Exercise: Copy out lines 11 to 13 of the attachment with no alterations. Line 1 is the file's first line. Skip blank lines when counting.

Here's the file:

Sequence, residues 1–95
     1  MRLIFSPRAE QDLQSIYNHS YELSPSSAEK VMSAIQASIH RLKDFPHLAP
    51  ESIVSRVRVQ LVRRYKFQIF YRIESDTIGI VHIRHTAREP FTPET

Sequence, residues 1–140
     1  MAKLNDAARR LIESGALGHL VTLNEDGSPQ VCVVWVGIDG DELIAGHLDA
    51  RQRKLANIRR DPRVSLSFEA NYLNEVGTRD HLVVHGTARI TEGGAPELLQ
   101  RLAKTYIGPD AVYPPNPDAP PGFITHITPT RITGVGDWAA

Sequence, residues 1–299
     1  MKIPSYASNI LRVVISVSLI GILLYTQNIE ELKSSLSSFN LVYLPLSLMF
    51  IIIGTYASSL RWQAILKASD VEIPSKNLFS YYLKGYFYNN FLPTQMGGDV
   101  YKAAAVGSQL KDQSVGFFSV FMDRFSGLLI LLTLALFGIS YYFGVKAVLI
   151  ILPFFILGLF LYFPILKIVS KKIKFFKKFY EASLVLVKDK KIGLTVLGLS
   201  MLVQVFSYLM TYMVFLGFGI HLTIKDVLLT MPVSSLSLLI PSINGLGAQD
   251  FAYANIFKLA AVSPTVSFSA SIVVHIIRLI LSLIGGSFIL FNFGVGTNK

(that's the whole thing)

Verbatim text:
   101  YKAAAVGSQL KDQSVGFFSV FMDRFSGLLI LLTLALFGIS YYFGVKAVLI
   151  ILPFFILGLF LYFPILKIVS KKIKFFKKFY EASLVLVKDK KIGLTVLGLS
   201  MLVQVFSYLM TYMVFLGFGI HLTIKDVLLT MPVSSLSLLI PSINGLGAQD